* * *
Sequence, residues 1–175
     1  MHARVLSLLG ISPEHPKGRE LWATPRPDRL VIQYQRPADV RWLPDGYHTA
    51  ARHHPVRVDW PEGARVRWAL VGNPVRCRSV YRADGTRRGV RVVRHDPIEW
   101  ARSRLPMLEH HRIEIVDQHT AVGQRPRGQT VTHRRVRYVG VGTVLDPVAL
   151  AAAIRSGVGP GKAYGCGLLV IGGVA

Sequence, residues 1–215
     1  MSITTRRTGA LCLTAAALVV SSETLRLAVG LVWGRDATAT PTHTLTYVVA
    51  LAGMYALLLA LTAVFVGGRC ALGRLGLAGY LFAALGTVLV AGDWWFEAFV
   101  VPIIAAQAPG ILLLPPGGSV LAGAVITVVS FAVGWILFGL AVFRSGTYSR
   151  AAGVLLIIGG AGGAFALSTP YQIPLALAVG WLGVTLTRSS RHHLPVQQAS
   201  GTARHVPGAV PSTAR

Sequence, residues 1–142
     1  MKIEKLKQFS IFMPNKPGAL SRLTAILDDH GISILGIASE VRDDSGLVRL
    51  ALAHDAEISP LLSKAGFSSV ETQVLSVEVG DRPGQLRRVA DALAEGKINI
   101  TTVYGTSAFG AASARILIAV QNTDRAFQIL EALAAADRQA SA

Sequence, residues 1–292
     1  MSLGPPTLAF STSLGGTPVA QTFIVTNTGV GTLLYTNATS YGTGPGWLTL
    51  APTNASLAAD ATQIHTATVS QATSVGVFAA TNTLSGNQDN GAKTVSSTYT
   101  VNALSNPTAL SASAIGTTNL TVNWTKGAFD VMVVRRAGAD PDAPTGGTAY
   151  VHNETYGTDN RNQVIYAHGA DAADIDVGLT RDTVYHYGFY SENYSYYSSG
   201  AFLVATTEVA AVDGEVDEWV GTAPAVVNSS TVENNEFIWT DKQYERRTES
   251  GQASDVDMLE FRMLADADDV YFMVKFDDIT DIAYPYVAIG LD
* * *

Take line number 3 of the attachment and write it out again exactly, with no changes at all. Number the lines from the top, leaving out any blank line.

    51  ARHHPVRVDW PEGARVRWAL VGNPVRCRSV YRADGTRRGV RVVRHDPIEW